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Featured Boat

March 2023     Cirrus

By Rob Wilkinson

I have always been interested in sailing and boats, but life has conspired to ensure that I have lived along the centre of the UK and often on a hill. Dinghies have been the way for me to get afloat, with a preference for “messing about in boats” rather than dashing around in circles. It was around 2000 that dinghy cruising became an entertaining direction to develop. Serendipity in the form of an ebay advert for a mostly complete John Welsford Pathfinder hull (5.2m) brought Cirrus into my life in 2013.

A winters work completed the rig (gaff yawl) and Cirrus was launched in 2014 on Ullswater. The plan was to enjoy “messing about in boats” during the summer with winters doing improvements towards the longer-term objective of dinghy cruising adventures on the sea! Coffee Mug holders and seat cushions were very satisfactory early additions.

The gaff yawl rig looked really good but had a few drawbacks. It took too long (hours) to rig/derig which impacted time on the water. The gaff main with a sprit boom was difficult to reef which created stress in changeable inland conditions. Then, in light airs, Cirrus didn’t move very much. The mizzen sail was great, particularly when stopped. I was on the look-out for a solution that would allow me to have a larger main sail that could be easily reefed and the whole lot rigged/de-rigged inside 40minutes. These requirements brought me to the Junk Rig Association. I was inspired by Slieve’s SJR design, though I did not consult directly with him.

There are a few design limitations to be considered when putting an unstayed rig into an existing open boat that is towed. I wanted to keep the mast length within the overall length of the trailer (6.4M). And to avoid losing cockpit space, by locating the mast near to an existing forward frame. Calculating the Centre of Effort (CoE) for the existing, nicely balanced rig gave me the target location for the new CoE. A spreadsheet allowed me to play around with all the variables. I settled on a 15.13m2 SJR, with 33.5% mast balance, that is to say, the mast centreline intersects the lower battens at 33.5% of the distance from the jib luff to the main leech (ie 33.5% of total chord), batten length of 3.4M, 5° rise angle, 35° yard angle.  To minimise weight aloft the area is split across 4 panels, and I started saving for carbon fibre battens.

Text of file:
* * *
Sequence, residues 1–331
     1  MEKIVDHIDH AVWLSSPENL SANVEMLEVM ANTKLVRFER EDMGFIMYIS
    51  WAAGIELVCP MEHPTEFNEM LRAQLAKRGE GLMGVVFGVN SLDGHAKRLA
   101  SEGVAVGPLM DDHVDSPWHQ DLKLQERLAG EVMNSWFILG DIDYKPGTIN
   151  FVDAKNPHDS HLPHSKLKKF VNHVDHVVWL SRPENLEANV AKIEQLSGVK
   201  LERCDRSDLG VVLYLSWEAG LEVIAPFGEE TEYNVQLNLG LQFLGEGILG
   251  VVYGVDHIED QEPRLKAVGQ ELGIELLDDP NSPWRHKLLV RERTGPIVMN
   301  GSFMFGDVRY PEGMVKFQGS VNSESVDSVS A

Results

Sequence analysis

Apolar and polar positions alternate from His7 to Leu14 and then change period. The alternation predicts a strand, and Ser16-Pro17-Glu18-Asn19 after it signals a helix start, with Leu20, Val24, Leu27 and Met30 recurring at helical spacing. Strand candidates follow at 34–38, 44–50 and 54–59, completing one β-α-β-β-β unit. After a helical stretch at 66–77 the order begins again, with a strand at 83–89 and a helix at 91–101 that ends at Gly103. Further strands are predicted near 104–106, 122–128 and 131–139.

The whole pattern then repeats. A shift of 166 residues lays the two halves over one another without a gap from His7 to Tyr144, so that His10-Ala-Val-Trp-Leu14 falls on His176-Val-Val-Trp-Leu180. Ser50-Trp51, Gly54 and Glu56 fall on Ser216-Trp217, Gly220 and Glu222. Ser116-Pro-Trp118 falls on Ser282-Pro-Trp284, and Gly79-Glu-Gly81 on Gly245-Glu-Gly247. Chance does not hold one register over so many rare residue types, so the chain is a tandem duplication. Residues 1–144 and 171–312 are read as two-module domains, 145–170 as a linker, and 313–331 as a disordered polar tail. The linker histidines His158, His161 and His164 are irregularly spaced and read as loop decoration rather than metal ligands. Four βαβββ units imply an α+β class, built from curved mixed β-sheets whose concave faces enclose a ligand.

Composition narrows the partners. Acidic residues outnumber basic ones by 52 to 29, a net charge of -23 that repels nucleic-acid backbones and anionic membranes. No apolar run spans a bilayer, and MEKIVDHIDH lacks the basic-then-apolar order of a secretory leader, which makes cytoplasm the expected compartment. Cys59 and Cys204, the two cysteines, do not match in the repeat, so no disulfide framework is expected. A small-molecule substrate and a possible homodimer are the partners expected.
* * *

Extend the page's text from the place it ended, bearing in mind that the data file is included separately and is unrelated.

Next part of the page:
Design and construction of the sail was developed from Sieve’s write-up. Starting off with 3D paper models of the sail shape followed by fabric models which were tested in the wind tunnel that is the passage down the side of my house.

Originally both the jiblets (12degree sheeting angle) and main panels were going to have 10% camber, but this was reduced to 8% in the main to improve air flow.

Our dining room floor was converted to a sail loft for the couple of weeks that it took to make the sail out of 4oz Ripstop nylon and the new rig was “launched” in 2020. The following year the aluminium mast was upgraded to carbon fibre. I am very happy with the SJR conversion. Cirrus points better than she did with the gaff sail. She moves in light airs and being able to reef immediately in just about any conditions is a revelation.

I am a much more relaxed dinghy cruising skipper.

From arriving at a slip Cirrus can be in the water within 40 minutes. My cruising area has expanded over the last couple of years to includer Northumberland and Scottish sea lochs. Added luxuries include a kitchen box, folding cuddy and tent which can provide overnight accommodation for three adults and a dog.

Our Featured Boat (or "Boat of the Month") Archive is here, and the forum discussion for comments and candidate suggestions is here

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24 Mar 2023 16:50 • Anonymous member

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       " ...there is nothing - absolutely nothing - half so much worth doing as simply messing about in junk-rigged boats" 
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